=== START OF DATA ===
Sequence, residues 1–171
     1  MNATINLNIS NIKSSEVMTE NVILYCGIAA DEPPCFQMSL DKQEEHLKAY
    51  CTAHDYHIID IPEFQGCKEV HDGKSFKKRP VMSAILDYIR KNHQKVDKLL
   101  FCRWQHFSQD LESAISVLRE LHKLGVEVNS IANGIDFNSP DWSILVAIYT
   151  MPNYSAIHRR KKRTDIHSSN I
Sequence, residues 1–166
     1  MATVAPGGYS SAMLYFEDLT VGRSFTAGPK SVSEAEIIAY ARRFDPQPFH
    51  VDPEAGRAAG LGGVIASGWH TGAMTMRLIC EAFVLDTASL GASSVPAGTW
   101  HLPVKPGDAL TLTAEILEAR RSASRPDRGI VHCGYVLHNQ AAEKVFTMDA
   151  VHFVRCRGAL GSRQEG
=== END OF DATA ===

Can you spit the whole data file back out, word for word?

Sequence, residues 1–171
     1  MNATINLNIS NIKSSEVMTE NVILYCGIAA DEPPCFQMSL DKQEEHLKAY
    51  CTAHDYHIID IPEFQGCKEV HDGKSFKKRP VMSAILDYIR KNHQKVDKLL
   101  FCRWQHFSQD LESAISVLRE LHKLGVEVNS IANGIDFNSP DWSILVAIYT
   151  MPNYSAIHRR KKRTDIHSSN I
Sequence, residues 1–166
     1  MATVAPGGYS SAMLYFEDLT VGRSFTAGPK SVSEAEIIAY ARRFDPQPFH
    51  VDPEAGRAAG LGGVIASGWH TGAMTMRLIC EAFVLDTASL GASSVPAGTW
   101  HLPVKPGDAL TLTAEILEAR RSASRPDRGI VHCGYVLHNQ AAEKVFTMDA
   151  VHFVRCRGAL GSRQEG